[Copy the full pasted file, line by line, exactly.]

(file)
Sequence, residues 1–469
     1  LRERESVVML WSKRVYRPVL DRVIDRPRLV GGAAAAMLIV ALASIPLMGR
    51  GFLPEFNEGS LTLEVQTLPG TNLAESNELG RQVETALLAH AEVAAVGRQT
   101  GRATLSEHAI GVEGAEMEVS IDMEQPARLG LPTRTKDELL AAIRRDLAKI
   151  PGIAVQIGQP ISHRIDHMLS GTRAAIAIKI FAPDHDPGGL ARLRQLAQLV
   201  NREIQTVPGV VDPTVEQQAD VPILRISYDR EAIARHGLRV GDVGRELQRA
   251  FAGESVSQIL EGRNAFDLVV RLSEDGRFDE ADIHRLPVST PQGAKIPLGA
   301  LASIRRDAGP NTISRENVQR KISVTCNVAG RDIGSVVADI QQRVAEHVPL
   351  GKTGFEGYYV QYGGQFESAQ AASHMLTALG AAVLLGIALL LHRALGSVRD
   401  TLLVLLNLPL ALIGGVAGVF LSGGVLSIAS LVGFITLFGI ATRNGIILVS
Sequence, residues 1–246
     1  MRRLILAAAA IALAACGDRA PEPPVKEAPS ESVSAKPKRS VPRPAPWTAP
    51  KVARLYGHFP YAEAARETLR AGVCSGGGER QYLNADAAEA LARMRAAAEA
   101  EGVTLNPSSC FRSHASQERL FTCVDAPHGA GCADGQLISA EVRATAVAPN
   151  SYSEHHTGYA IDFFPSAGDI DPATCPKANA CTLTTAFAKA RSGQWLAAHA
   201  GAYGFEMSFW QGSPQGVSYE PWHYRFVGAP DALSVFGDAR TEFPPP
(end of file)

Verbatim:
Sequence, residues 1–469
     1  LRERESVVML WSKRVYRPVL DRVIDRPRLV GGAAAAMLIV ALASIPLMGR
    51  GFLPEFNEGS LTLEVQTLPG TNLAESNELG RQVETALLAH AEVAAVGRQT
   101  GRATLSEHAI GVEGAEMEVS IDMEQPARLG LPTRTKDELL AAIRRDLAKI
   151  PGIAVQIGQP ISHRIDHMLS GTRAAIAIKI FAPDHDPGGL ARLRQLAQLV
   201  NREIQTVPGV VDPTVEQQAD VPILRISYDR EAIARHGLRV GDVGRELQRA
   251  FAGESVSQIL EGRNAFDLVV RLSEDGRFDE ADIHRLPVST PQGAKIPLGA
   301  LASIRRDAGP NTISRENVQR KISVTCNVAG RDIGSVVADI QQRVAEHVPL
   351  GKTGFEGYYV QYGGQFESAQ AASHMLTALG AAVLLGIALL LHRALGSVRD
   401  TLLVLLNLPL ALIGGVAGVF LSGGVLSIAS LVGFITLFGI ATRNGIILVS
Sequence, residues 1–246
     1  MRRLILAAAA IALAACGDRA PEPPVKEAPS ESVSAKPKRS VPRPAPWTAP
    51  KVARLYGHFP YAEAARETLR AGVCSGGGER QYLNADAAEA LARMRAAAEA
   101  EGVTLNPSSC FRSHASQERL FTCVDAPHGA GCADGQLISA EVRATAVAPN
   151  SYSEHHTGYA IDFFPSAGDI DPATCPKANA CTLTTAFAKA RSGQWLAAHA
   201  GAYGFEMSFW QGSPQGVSYE PWHYRFVGAP DALSVFGDAR TEFPPP